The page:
On September 14, the US Court of Appeals, 6th circuit, heard oral argument in Libertarian Party of Ohio v Blackwell. Only 15 minutes for each side was permitted. The issues are the deadline to submit signatures for a new party (one year before the general election), and whether it violated due process for the state to change the petition form while the drive was in progress, not inform the Libertarian Party of the change, and then reject all 57,000 signatures.
Most of the oral argument was on the deadline issue. The U.S. Supreme Court has ruled against early petition deadlines for minor parties and independent candidates on five occasions, and that court has never upheld any particular deadline. 21 states have had early deadlines thrown out by some level of court. Therefore, since Ohio’s deadline is earlier than any other state’s, and far earlier than any deadline for a new party that has ever been upheld, this should be an easy victory for the Libertarian Party. No published court opinion has ever upheld a petition deadline for a new party earlier than April of the election year.
Judge Richard Griffin, a fairly new Bush Jr. appointee from Michigan, dominated the questioning. His first question was to ask the Libertarian Party’s attorney to acknowledge that in 2000 in California Democratic Party v Jones, the U.S. Supreme Court had said, “It is too plain for argument that a state can require a party to nominate by primary”. The Ohio Libertarian Party had argued that since the reason the deadline is so early (November 2003) is because Ohio insists on providing a primary for new parties, and since Ohio holds its primary in presidential years in March, therefore a way to resolve the conflict between principles is to either let new parties have a later primary, or else let them nominate by convention. Judge Griffin wanted the Libertarian Party’s attorney to agree that Ohio may require a primary. He seemed not to have read the party’s brief, mentioning all the times in the past in Ohio when the state let parties nominate by convention.
Then Judge Griffin started a litany of statements that consumed much of the time allotted to the Libertarian Party’s attorney. The judge asked, didn’t the attorney agree that it probably takes Ohio 30 days to check the signatures? And didn’t he agree that if the party was told it didn’t have enough, and it wanted to sue, that the proceedings in the lower state court would take at least 15 days? And didn’t he agree that if that were appealed to the State Court of Appeals, another 10 days would be consumed? And didn’t he agree that if it were appealed again to the State Supreme Court, that would take another 10 days? And didn’t he agree that it probably takes 30 days to then print the ballots? And didn’t he agree that the absentee ballots must be mailed off 30 days before the election?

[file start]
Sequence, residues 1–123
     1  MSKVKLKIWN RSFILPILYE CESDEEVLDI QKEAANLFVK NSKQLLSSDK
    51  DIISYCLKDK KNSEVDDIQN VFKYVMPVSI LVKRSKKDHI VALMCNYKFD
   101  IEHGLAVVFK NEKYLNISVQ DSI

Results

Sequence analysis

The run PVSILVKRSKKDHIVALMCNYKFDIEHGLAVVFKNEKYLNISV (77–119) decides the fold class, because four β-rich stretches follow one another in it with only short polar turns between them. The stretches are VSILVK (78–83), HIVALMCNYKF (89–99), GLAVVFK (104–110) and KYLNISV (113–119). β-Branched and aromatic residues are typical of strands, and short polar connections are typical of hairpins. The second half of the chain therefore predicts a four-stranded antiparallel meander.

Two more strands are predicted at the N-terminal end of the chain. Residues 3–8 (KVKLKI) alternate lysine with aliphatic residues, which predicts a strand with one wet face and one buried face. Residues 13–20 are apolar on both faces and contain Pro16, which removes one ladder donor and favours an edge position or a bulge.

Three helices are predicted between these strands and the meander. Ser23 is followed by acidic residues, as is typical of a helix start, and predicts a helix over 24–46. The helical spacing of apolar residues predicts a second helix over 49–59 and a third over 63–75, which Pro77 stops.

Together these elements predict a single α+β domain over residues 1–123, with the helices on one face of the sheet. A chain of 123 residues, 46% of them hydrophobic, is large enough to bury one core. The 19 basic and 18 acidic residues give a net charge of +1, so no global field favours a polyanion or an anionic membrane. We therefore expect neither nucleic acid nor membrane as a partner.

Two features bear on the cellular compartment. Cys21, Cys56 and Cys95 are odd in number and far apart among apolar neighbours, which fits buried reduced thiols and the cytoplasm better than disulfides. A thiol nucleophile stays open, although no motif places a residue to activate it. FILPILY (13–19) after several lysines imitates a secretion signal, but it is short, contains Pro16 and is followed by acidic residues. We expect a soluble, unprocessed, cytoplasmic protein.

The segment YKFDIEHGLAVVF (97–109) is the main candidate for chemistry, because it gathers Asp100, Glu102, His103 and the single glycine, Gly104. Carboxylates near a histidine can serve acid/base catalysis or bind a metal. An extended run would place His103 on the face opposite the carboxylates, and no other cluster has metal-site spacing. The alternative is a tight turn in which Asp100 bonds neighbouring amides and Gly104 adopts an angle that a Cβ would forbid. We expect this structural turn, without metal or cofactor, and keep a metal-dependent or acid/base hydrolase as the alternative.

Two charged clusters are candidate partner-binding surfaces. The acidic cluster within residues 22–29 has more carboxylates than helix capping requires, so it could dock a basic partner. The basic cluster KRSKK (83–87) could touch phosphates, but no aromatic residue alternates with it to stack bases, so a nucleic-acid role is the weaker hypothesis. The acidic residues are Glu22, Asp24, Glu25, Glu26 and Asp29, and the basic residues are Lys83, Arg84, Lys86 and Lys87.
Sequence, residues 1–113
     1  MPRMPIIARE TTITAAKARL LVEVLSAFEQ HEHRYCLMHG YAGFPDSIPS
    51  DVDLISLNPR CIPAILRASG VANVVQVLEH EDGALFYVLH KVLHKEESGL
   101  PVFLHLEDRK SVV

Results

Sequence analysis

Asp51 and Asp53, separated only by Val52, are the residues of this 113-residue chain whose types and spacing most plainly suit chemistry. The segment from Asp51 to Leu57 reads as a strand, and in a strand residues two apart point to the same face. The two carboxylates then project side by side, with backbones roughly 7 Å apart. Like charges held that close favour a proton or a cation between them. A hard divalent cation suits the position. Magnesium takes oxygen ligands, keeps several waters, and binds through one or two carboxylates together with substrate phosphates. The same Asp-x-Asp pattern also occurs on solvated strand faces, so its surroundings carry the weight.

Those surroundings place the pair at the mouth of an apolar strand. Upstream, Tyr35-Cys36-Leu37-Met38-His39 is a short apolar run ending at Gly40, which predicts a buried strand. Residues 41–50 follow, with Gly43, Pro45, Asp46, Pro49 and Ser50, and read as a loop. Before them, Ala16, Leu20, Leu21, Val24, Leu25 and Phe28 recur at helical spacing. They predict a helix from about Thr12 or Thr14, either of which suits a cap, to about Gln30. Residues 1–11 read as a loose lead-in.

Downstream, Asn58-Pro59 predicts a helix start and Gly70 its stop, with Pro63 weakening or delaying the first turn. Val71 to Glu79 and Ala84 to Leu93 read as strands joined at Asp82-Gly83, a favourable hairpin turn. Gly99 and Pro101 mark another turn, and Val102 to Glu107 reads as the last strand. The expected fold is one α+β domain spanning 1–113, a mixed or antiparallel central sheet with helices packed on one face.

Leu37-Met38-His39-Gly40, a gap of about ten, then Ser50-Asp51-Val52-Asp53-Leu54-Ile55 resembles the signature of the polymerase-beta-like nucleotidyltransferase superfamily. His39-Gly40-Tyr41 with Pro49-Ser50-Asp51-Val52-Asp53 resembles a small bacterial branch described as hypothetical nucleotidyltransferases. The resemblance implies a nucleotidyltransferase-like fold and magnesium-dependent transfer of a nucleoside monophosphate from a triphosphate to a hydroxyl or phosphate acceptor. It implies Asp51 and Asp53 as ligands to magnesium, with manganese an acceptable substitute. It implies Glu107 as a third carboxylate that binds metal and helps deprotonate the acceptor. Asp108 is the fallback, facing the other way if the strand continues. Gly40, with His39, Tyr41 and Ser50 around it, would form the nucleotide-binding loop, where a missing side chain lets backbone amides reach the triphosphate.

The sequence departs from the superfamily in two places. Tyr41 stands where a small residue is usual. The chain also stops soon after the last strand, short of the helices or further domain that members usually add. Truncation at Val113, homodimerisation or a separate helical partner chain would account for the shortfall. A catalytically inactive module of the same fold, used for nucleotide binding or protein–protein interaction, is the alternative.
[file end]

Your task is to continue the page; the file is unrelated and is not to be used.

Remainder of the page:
This line of questioning was all pointless. It is already the law in Ohio that independent presidential petitions are due 75 days before the general election. Therefore, regardless of the hypothetical list of time periods Judge Griffin presented, we already know that all of the process are successfully handled in Ohio with a deadline 75 days before the general election.
When the attorney for the Libertarian Party pointed out that no court had ever upheld a deadline earlier than April (for a new party petition), Judge Griffin seemed to snort decisively and say, “Well, that won’t stop us; we can be the first” or words to that effect.
It seemed likely that none of the three judges had read the Libertarian Party’s evidence, which illustrated that other courts have struck down early deadlines for new parties, even when those states required primaries for new parties.
Judge Griffin also said that the Libertarian Party, by advocating a later nomination procedure for itself, is demanding special treatment for itself. He seemed not to have read Anderson v Celebrezze, part II, which says that in the matter of petition deadlines, states may discriminate in favor of minor parties and independent candidates, and against the major parties, on the matter of timing. Anderson v Celebrezze said that minor parties and independent candidates play their role best when the voters are free to get them on the ballot, after learning the identity of the major party nominees and platforms. This is so that all voters are able to vote for someone in the general election whom they can support. Anderson v Celebrezze leaned heavily on the analysis of historian Alexander Bickel, who said that the two-party system works better when minor party and independent candidate deadlines are after the major parties have nominated.
The other two judges said little. Judge Eric Clay, a Clinton appointee, wondered if a better solution would be to move the primary, but of course a state is free to set the major party primaries whenever it wants, and the attorney for Ohio said Ohio wants an early presidential primary so that its voters have influence over who gets nominated for the major parties. Judge Julia Gibbons, who was first appointed to the US District Court by Reagan and then elevated to the 6th circuit by our current president, seemed to explore the idea that the case is moot.
A longer and more comprehensive report will be in the October 1 Ballot Access News print edition.